Friday, October 12, 2001
C.A. Orders In Camera Review of Documents in Baby Death Case
By KENNETH OFGANG, Staff Writer/Appellate Courts
A father who faces the possible loss of custody of his daughter because another young girl died in his care is entitled to an in camera review of police records and other evidence that may clear him, the Fourth District Court of Appeal ruled yesterday.
Orange Superior Court Judge Corey S. Cramin erred in quashing the father’s subpoena on the basis of privilege without first examining the materials, Justice William Rylaarsdam wrote for Div. Three.
The father, identified only as Michael P., has been embroiled in dependency proceedings since his girlfriend’s 21-month-old daughter died, the day after being taken to a hospital emergency room for treatment of traumatic injuries sustained at Michael P.’s home.
Michael P.’s daughter, 7-year-old Alexandria, told a social worker the little girl fell while they were playing a game on the couch and that Alexandria accidentally fell on top of her.
The Orange County Social Services Agency filed a dependency petition after Alexandria was taken into protective custody by the Westminster Police Department. The petition suggested that the girl was a victim of shaken-baby syndrome, although an assistant coroner made a preliminary finding that she had suffered multiple blunt force blows to the head.
Subpeonas Duces Tecum
Michael P.’s lawyer served subpoenas duces tecum on the Sheriff’s Department, the Coroner’s Office, and the police department, seeking all reports, photographs, notes, tapes, laboratory results, and other evidence in the possession of those agencies.
All three agencies moved to quash the subpoenas, citing the official information privilege of Evidence Code Sec. 1040, the California Public Records Act exemption for investigative records, the Penal Code discovery provisions, and the privacy rights of witnesses and others named or depicted in the materials.
Agency lawyers told the judge that Michael P. was a suspect and that the criminal investigation was ongoing with no charges filed, although Michael P.’s girlfriend had been “largely ruled out” and doctors did not believe that Alexandria had caused the baby’s death.
Cramin granted the motion with respect to everything except a tape of an interview of Alexandria by social workers.
But Rylaarsdam said the only potentially applicable privilege is the official information privilege, and that because the privilege is qualified, the judge must review the material in camera in order to determine whether it applies.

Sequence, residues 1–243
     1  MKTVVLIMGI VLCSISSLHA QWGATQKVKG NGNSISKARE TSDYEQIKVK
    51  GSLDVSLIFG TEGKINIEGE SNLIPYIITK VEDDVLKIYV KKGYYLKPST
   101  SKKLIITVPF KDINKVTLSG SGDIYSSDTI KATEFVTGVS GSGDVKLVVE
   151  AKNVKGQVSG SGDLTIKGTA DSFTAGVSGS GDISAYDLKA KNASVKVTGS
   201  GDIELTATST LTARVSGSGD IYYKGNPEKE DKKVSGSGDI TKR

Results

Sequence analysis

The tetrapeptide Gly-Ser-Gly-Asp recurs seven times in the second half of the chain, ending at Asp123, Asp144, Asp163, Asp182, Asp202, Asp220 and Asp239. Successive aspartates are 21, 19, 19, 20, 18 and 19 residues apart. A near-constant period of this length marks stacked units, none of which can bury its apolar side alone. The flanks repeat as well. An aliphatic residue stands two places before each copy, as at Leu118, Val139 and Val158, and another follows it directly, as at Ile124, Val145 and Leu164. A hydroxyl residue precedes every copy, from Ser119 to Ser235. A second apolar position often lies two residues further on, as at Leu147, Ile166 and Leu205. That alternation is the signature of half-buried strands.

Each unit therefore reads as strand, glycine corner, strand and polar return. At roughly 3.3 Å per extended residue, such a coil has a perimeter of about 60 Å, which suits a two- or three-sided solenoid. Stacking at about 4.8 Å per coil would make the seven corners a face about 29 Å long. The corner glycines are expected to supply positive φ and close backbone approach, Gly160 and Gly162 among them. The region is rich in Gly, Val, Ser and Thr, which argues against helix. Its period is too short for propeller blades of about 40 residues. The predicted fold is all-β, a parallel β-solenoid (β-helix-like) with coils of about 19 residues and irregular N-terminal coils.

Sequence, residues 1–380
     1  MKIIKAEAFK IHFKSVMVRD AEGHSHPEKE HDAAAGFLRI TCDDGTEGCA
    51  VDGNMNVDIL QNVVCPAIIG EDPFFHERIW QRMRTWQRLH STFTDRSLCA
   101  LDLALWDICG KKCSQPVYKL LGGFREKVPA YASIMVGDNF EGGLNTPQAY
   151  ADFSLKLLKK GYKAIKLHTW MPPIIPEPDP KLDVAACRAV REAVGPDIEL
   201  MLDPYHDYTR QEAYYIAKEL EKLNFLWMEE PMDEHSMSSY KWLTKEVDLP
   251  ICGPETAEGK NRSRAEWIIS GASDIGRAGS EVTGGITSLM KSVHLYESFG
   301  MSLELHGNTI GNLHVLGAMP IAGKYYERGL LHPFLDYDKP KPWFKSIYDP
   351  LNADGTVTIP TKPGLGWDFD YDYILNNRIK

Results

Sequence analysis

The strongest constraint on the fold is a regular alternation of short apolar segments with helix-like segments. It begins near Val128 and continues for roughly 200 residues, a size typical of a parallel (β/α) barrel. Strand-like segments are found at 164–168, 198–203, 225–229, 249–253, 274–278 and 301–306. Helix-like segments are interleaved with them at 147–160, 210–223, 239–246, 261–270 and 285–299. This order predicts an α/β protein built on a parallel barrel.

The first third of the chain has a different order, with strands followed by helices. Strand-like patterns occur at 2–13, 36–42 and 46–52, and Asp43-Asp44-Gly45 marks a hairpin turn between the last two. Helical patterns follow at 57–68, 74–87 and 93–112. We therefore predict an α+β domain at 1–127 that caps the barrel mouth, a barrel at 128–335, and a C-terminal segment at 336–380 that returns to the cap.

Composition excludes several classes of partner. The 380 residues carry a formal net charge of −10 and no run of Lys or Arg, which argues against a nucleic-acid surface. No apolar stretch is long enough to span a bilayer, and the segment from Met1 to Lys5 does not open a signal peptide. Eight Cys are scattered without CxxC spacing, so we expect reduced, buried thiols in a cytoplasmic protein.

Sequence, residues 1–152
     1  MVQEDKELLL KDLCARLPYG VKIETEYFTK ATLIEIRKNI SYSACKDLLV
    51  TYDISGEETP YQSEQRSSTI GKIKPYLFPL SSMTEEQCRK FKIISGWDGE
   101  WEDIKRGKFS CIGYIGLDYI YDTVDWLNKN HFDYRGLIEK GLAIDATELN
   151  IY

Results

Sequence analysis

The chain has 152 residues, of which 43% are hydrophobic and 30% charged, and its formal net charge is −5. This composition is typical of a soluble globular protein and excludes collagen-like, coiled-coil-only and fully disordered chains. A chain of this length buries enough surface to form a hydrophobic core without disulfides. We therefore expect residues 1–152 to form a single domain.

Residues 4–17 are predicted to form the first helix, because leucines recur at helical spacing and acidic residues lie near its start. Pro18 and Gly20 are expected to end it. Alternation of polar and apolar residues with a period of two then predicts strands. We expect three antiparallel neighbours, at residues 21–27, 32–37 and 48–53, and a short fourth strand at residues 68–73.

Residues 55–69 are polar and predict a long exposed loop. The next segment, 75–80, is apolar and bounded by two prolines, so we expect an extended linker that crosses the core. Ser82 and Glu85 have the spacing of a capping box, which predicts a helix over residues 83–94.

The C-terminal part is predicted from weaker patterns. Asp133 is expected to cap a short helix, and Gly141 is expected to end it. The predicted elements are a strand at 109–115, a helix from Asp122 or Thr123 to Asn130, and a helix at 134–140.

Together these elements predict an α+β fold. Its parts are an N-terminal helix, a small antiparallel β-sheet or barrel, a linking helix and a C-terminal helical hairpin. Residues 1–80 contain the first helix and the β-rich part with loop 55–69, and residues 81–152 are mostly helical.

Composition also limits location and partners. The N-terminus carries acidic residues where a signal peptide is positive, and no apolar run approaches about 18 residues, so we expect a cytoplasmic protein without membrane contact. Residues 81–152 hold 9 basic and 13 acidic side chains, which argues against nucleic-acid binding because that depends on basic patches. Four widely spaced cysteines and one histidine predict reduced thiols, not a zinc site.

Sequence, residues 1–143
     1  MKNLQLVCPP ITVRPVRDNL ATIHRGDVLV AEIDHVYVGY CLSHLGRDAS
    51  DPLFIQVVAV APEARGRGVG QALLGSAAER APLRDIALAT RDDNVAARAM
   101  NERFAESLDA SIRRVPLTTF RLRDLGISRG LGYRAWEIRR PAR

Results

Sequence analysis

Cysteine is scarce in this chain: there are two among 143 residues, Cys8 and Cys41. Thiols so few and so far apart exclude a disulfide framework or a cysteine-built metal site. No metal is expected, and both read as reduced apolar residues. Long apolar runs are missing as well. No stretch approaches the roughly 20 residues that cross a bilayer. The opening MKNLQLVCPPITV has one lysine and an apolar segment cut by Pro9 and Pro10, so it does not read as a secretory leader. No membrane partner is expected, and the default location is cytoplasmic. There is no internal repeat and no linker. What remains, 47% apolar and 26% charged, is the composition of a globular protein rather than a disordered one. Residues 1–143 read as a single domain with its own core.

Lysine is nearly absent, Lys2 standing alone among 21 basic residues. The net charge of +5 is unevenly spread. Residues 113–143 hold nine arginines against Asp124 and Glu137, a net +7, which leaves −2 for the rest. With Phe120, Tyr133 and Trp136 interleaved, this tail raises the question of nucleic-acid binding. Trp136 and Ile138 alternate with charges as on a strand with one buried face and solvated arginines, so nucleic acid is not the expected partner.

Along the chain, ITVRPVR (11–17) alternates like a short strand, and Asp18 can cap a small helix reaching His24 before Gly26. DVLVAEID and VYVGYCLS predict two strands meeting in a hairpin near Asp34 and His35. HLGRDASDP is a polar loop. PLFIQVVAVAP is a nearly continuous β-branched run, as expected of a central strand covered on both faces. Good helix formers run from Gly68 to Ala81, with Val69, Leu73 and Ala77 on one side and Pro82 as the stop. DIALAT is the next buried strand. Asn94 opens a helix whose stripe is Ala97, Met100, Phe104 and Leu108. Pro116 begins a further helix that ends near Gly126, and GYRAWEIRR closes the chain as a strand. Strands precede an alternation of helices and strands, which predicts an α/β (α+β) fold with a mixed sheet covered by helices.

The Penal Code sections don’t apply, the justice explained, because the father hasn’t been charged with a crime. And the CPRA has no relevance, he said, because disclosure of the materials wasn’t requested under the act.
The only means by which a government agency may resist a subpoena on the basis of a need for secrecy, Rylaarsdam said, is to assert privilege under Sec. 1040(b)(2).
Because the privilege is conditioned upon a showing that secrecy is in the public interest, he said, its scope must be determined after a judge has inspected the materials, unless the balance of interests so clearly favors non-disclosure as to make in camera review unnecessary.
The justice distinguished an earlier case from the same division, County of Orange v. Superior Court (2000) 79 Cal.App.4th 759. The court there held that the Sheriff’s Department didn’t have to disclose materials in its investigative files to a woman and her husband, who sued for damages based on a claim the department defamed them by naming them as suspects in the death of the woman’s infant son.
The County of Orange court said it was clear that the four-year-old homicide investigation would be compromised, to the detriment of the public interest, if the files were opened to public scrutiny.
But dependency actions and tort suits aren’t comparable, Rylaarsdam concluded.
The justice reasoned:
“Here, the juvenile court undoubtedly concluded that if an in camera hearing was not required in County of Orange, then it was unwarranted where the ongoing investigation was only two months old. But the question of whether items from a police investigative file should be subject to discovery turns on more than the age of the investigation. Application of the conditional privilege requires a weighing of interests, and we believe a litigant’s interest in prosecuting a civil action for damages pales in comparison to a parent’s interest in having custody of his or her child. Because the latter interest would necessarily weigh more heavily than the former when balanced against the government’s interest in keeping an investigative file private, our decision in County of Orange does not dictate the result here.”
The case is Michael P. v. Superior Court, Orange County Sheriff’s Department RPI, G028277.
Copyright 2001, Metropolitan News Company